[ 2 syll. ap-hra, aph-ra ] The baby girl name Aphra is pronounced as AHF-Raa- †. Aphra is used chiefly in Arabic and English, and it is derived from Latin, Arabic, Old Greek, and Hebrew origins. Hebrew origin, English use: A biblical name, it is literally from the word 'aphra' with the meaning dust. The name is of obscure origin; in the Bible it was derived from a place name 'the house of Aphrah'. This phrase has sometimes been misinterpreted, which led to Aphrah being mistaken as a personal name when it actually meant a place name denoted as 'dust'. The name could also have evolved from an ancient Irish name Afric or the Late Latin name Afra. It was later taken to imply people of dark hair and color. The name was also borne by early saints martyred under Hadrian and Diocletian, and is most well-known from playwright, author, and spy Aphra Behn (1640-1989); her name has also been recorded variously as Afra and Ayfara. In literature, the rare diminutive Affery has appeared in the Charles Dickens novel Little Dorrit (1857).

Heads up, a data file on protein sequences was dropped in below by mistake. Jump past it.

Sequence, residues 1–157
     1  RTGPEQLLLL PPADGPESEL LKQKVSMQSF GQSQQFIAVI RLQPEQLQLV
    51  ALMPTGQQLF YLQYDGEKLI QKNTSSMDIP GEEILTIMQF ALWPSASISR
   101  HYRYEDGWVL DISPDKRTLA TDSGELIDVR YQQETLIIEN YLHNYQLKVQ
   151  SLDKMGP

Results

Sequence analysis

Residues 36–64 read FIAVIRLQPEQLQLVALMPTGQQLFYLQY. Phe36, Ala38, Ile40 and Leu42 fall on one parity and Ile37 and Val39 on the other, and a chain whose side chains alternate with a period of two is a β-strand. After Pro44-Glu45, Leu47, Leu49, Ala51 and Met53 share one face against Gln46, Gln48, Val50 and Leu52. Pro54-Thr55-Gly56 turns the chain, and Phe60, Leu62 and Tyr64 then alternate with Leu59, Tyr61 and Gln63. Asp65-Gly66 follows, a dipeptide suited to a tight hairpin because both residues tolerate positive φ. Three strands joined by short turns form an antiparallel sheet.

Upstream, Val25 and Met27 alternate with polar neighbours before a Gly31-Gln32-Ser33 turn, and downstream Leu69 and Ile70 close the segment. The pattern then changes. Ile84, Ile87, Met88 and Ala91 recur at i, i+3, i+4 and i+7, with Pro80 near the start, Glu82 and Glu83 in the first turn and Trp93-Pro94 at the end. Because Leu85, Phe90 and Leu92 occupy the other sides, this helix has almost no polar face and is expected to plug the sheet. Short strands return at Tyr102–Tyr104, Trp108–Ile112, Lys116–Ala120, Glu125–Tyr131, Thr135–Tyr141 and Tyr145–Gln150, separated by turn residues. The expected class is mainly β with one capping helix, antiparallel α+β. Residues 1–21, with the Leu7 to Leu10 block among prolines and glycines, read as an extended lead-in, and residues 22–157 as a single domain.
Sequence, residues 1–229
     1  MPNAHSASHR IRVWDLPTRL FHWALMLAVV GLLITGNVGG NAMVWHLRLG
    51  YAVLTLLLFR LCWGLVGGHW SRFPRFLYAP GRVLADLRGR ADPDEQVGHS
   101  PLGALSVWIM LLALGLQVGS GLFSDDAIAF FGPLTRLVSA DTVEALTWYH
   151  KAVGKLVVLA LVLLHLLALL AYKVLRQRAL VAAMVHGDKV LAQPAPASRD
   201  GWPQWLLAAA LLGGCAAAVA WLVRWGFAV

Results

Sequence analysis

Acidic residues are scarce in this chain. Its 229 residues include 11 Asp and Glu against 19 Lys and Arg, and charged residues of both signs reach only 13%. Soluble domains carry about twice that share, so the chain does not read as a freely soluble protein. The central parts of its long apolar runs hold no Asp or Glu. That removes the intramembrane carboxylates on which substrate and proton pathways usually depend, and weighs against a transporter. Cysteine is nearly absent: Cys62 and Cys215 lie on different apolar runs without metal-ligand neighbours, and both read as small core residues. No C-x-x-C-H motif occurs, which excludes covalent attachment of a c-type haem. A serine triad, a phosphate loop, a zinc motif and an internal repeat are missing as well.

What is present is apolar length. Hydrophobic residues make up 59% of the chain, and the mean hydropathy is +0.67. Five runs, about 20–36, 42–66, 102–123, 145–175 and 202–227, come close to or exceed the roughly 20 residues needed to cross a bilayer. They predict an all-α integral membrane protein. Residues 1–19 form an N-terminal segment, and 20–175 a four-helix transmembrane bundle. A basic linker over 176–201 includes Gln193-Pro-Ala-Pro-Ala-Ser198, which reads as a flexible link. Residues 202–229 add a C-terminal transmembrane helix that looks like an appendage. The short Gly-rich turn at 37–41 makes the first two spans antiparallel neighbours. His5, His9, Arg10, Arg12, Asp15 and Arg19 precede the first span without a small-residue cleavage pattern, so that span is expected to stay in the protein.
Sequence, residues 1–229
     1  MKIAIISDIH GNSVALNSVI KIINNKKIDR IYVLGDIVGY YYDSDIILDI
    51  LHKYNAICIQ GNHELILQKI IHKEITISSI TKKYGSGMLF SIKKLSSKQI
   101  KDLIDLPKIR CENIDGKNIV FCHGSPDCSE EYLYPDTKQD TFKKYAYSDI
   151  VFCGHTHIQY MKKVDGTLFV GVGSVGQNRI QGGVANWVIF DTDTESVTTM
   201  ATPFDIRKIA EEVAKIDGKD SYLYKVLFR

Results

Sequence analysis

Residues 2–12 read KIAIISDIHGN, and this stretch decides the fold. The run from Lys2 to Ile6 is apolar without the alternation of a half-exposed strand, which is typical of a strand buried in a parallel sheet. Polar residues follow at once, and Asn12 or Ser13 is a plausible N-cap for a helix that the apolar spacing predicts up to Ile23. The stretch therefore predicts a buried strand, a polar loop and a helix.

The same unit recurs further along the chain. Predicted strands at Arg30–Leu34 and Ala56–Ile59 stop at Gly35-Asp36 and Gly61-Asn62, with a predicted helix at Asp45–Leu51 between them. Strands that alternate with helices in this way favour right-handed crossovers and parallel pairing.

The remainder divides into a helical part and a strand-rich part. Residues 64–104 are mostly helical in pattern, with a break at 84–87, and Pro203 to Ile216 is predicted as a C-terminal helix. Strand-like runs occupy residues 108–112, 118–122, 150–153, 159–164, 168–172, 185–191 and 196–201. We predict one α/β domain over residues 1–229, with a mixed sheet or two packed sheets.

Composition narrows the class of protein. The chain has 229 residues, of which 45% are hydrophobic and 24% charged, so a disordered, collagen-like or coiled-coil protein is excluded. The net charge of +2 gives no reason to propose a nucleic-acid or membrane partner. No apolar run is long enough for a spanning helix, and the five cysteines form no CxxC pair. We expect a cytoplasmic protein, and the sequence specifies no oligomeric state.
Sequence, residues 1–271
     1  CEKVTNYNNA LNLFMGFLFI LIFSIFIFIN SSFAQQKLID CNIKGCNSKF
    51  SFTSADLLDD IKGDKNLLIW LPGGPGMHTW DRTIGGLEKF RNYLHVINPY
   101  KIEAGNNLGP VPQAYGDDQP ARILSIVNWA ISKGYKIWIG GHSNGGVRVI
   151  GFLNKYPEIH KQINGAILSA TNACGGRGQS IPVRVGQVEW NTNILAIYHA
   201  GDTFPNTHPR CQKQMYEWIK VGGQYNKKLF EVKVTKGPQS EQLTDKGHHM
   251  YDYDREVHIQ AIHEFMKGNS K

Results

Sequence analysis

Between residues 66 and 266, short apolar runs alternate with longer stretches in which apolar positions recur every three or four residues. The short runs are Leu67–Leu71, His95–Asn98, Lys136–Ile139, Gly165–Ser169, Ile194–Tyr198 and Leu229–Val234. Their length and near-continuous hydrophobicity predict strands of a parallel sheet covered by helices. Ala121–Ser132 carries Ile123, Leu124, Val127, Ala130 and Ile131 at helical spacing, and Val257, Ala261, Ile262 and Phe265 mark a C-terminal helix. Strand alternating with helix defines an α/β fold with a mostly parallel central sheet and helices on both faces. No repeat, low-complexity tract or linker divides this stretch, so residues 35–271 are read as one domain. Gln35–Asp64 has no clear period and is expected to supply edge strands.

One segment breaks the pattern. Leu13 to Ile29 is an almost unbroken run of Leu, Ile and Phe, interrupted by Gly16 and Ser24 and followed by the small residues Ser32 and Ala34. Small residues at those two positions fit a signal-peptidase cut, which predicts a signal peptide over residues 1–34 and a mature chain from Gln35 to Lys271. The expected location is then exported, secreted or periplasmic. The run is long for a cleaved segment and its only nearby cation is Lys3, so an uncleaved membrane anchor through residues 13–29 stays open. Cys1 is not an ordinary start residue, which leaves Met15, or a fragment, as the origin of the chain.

Aphra is a variant of the name Afra (English and Iranian).
Aphra is also a variant of the name Afra (Arabic).
Aphra is also a variant of the name Alpha (English).
Affery (English diminutive form) is another variant of the name.
See also the related form, Africa (English).
Aphra is seldom used as a baby name for girls. It is not listed within the top 1000 names.
† Pronunciation for Aphra: AH as in "mud (M.AH.D)" ; F as in "fee (F.IY)" ; R as in "race (R.EY.S)" ; AA as in "odd (AA.D)"
A famous person named Aphra is Playwright Aphra Behn, born Aphra Johnson, 1640 - 16 April 1689, Near Canterbury, England.